Arts

Arts and culture

Kate Walbert's most powerful novel yet is a case study in the perversities of power imbalances. This slim but by no means slight novel continues Walbert's explorations of how society's sexual biases and constraints have hampered women, a theme that has driven all six of her books, including A Short History of Women (2009) and her most recent, The Sunken Cathedral (2015). But with a timeliness so acute it feels ripped-from-the-headlines, His Favorites amps up the outrage and packs a punch far greater than its weight class.

The history of jazz in the 20th century is well known, but the course of the genre in the 21st century is still being charted. According to Nate Chinen, music critic for NPR Music and WBGO, jazz in the new millennium has enjoyed a type of Renaissance thanks to some key players.

Uh Oh, Germany Is Rapidly Running Out Of Beer Bottles

2 hours ago

In Germany, beer consumption is up as temperatures remain unusually high. This is good and bad news for the beer industry.

While the breweries have more than enough beer to go around, they're running out of bottles because customers are not returning their empties quickly enough.

Germans care about the environment about as much as their beer; that's why the glass bottles are recycled. Customers pay a small deposit on each one, which they get back when they return it to a store.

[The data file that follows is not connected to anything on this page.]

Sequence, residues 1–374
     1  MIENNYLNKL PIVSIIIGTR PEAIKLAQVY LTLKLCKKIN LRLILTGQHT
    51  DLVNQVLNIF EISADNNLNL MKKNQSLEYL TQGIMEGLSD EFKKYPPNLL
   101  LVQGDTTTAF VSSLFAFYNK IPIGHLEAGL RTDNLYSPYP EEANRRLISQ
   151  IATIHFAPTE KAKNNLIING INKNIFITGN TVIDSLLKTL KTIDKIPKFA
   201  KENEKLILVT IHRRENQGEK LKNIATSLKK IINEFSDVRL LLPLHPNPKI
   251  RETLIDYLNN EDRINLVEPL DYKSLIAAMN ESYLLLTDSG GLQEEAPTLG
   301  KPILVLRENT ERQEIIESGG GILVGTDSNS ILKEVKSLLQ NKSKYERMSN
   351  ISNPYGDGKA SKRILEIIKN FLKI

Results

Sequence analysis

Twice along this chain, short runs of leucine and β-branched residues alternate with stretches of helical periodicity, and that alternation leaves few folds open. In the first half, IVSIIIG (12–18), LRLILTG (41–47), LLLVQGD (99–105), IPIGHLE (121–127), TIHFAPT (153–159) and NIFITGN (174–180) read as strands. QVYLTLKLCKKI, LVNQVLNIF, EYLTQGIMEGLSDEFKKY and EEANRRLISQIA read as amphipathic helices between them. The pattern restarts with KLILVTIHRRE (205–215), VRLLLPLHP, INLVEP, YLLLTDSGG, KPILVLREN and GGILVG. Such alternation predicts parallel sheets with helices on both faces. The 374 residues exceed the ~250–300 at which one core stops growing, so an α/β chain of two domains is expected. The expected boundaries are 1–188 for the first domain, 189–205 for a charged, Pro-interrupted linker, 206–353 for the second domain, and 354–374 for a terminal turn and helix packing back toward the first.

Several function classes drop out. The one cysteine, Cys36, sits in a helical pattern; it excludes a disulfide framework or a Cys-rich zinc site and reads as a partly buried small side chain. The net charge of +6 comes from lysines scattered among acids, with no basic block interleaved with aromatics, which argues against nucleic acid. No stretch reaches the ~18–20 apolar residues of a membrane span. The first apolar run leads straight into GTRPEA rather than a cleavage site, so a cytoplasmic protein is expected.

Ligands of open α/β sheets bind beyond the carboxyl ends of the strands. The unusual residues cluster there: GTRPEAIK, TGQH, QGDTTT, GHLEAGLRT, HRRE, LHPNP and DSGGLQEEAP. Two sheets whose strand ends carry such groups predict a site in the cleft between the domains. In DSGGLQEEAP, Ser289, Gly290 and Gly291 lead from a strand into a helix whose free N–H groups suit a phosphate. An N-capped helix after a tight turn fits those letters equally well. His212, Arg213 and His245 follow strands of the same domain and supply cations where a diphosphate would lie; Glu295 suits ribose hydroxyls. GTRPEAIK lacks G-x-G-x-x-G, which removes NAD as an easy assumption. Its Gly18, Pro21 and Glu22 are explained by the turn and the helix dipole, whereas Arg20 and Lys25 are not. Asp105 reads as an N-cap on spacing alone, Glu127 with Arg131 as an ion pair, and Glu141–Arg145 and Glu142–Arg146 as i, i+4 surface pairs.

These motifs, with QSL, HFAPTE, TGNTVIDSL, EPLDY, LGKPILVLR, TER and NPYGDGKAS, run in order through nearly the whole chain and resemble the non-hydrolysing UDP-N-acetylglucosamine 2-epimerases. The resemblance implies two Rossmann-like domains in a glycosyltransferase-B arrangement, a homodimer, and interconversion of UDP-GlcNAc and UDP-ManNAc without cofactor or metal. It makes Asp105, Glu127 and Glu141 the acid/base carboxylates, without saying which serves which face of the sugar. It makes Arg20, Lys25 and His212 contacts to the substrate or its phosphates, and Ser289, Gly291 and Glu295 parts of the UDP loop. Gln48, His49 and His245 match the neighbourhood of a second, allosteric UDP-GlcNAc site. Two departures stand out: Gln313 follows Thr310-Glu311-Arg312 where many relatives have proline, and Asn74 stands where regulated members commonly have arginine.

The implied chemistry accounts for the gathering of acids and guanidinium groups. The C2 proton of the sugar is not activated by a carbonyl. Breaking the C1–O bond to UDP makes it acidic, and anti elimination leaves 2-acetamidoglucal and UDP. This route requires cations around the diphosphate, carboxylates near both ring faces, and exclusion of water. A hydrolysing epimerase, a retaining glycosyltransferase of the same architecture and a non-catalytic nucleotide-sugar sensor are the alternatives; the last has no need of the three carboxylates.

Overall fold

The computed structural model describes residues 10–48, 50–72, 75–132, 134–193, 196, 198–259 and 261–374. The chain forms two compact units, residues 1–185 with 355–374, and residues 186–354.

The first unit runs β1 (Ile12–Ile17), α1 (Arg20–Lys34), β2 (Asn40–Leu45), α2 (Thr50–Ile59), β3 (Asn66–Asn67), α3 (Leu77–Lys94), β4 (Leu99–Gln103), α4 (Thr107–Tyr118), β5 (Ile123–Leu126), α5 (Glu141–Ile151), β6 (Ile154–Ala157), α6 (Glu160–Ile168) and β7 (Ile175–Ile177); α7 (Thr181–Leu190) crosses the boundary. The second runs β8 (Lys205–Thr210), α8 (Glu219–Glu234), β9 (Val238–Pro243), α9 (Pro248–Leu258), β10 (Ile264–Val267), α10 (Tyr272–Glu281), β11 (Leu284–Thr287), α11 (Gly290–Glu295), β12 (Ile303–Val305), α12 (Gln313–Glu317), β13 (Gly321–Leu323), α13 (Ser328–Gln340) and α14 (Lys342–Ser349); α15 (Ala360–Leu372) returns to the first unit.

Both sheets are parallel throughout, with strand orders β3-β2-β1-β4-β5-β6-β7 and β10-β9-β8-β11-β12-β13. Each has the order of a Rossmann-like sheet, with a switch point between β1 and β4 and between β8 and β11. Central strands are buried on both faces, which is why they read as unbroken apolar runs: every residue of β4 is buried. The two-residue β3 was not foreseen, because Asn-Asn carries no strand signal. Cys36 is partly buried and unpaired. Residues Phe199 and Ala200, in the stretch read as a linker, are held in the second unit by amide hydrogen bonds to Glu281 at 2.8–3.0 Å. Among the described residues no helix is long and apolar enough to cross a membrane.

I first saw Crazy Rich Asians at an advance press screening at a small, new-ish theater in Manhattan's Chinatown, and let me tell you: I arrived a little anxious and skeptical.

If you've spent more than five minutes with me, you'll know that I am predisposed to those two emotions. It did not escape me that the theater holding the press screening could be considered still another gentrifying force in rapidly changing Chinatown. The fact that, save for the friend I brought, we were one of the few Asian-Americans in the theater, also did not escape me.

Nico Walker is in jail for robbing banks.

He can use the pay phone for 15 minutes at a time, and then he has to wait a half-hour. It took a while to do an interview.

That's also sort of the way he wrote his debut novel, Cherry — on a typewriter, with a hundred-or-so other guys looking over his shoulder.

"It was something that I was doing when I was locked up," he says. "Something to pass the time. But I didn't — I wasn't planning to write a novel, you know, autobiographical or anything like that."

Sarah Davachi's electro-acoustic compositions seek the corners of quiet with a studious and patient curiosity. Gave in Rest, her second album of 2018, takes its inspiration from early church music, in particular "the quietude, the air of reverence, the openness of the physical space, the stillness of the altars," she writes in a press release. From "Matins" (morning prayers) to "Evensong" (evening prayers), the L.A.-based composer fills the day with moments of peace.

Copyright 2018 Fresh Air. To see more, visit Fresh Air.

TERRY GROSS, HOST:

Copyright 2018 Fresh Air. To see more, visit Fresh Air.

TERRY GROSS, HOST:

I've been a fan of Kevin Wilson's writing since 2011, when I read his debut novel The Family Fang. That novel delved into the life of a husband and wife pair of performance artists who worked their young children into their pieces. Without being pat about it, Wilson drove home the realization that every family constitutes its own rag-tag troupe of performance artists and that children are mostly at the mercy of their parents' "acts."

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